Are you struggling to find the VIN on your trailer? Well, let’s give you a hand!
The position of the VIN can vary depending on the trailer. In most cases, the VIN is printed on the certification label. This will be located on the tongue or the trailer frame. This label will either be a sticker or a metal plate. If you cannot find that, the VIN may be stamped onto the trailer somewhere.
Still can’t find it? Read on. We’ve got a bit more information to share with you.
Table of Contents
Where Is The VIN on a Trailer?
Finding a VIN on a vehicle is simple. There will be a clear sticker or plate near the driver’s door. Finding the VIN on a trailer? Not so simple.
The problem with finding a VIN on a trailer is that there is no standard place to put it. Manufacturers put the VIN wherever they see fit. Normally, this will be somewhere that they find a bit of free space. So, you’ll probably have to put a bit of effort into tracking it down.
Don’t worry, though. We’ll let you know some of the more common locations for a trailer’s VIN. Later, we’ll also let you know what to do if you’re struggling to find your trailer’s VIN.
Where the VIN May Be Printed/Stamped
Again, there is no standardization here. Your VIN can appear in one of three ways:
- On a metal plate
- On a sticker
- Stamped into the metal
In most cases, the VIN will be on a metal plate or a sticker. This will also include a bit of extra information about the trailer’s certification. If you can’t find that, then hunt around for the metal stamp.
Locations of the VIN On Your Trailer
There’s no standard location for the VIN on your trailer. It could be anywhere. It’ll likely be in one of these places:
– On the tongue of the trailer
– On the frame rail (normally on the driver’s side)
– Underneath the trailer, normally near the front.
– Inside the trailer, on one of the walls.
In most cases, you’ll be looking for a sticker or a metal plate. Because this sticker or metal plate will include a decent amount of information, it should be blindingly obvious where it is. It is a rather large label!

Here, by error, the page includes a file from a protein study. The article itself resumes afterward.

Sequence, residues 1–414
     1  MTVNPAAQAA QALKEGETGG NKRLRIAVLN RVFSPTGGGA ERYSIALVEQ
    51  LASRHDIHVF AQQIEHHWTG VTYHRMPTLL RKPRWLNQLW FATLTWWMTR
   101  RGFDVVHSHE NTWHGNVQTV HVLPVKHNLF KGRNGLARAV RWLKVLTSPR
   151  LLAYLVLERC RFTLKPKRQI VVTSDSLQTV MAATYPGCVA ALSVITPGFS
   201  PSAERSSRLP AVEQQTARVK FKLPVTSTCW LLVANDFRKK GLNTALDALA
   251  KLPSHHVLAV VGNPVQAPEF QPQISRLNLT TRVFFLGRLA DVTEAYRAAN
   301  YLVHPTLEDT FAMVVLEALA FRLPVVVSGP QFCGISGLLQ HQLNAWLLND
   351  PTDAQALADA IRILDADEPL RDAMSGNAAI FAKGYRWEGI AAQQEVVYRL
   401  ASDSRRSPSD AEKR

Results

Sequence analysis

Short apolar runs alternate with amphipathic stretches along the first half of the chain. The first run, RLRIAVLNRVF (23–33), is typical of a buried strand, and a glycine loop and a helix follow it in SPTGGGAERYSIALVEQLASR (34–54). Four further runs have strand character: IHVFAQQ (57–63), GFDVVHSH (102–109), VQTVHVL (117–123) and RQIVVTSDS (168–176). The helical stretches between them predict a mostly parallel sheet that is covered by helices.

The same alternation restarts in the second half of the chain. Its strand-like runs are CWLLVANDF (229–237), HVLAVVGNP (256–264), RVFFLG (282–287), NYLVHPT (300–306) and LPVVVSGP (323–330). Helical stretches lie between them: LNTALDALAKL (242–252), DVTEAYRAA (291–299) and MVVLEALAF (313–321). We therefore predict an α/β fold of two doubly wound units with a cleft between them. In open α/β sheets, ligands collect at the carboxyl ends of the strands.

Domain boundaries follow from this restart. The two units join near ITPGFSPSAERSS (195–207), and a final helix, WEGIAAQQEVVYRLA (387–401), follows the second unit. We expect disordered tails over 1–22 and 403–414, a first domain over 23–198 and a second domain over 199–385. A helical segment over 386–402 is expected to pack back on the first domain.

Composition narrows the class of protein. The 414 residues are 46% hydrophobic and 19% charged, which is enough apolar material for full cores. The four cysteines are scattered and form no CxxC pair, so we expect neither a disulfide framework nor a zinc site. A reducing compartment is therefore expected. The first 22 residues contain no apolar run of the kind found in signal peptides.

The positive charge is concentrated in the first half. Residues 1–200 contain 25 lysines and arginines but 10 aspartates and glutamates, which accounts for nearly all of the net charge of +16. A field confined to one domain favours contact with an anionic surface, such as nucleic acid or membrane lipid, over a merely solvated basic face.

Most trailer manufacturers will not hide the VIN, mostly because it is a very, very important piece of information. If you can’t find it, then the VIN sticker or metal plate may have fallen off.
In rare cases, the VIN may be stamped onto the trailer. This is to ensure that the trailer is identifiable if stolen, even if the plate or sticker is removed. The stamp should appear in roughly the same places that you can find the sticker/plate.
If the trailer has been stamped, and you’ve painted it, the stamp may be hidden. It should still be identifiable; it is just trickier to track down. You may need to sand off some of the paint so that you can read the VIN.
Honestly, finding the VIN on your trailer shouldn’t be too tricky. If your trailer has a VIN, then it will take just a couple of minutes of searching. As mentioned, manufacturers aren’t going to hide the VIN.
What Does a VIN Look Like?
If your trailer was manufactured before 1981, then the VIN will have 11 characters. Anything manufactured after 1981 will have 17 characters. The VIN on a trailer looks the same as a VIN on a motor vehicle.
The first 11 characters of the VIN will identify the country of manufacture, the length of the trailer, the number of axles, the model year, and the plant where the trailer was manufactured.
Your trailer will share the same information as any other similar trailer manufactured in the same location in the same year.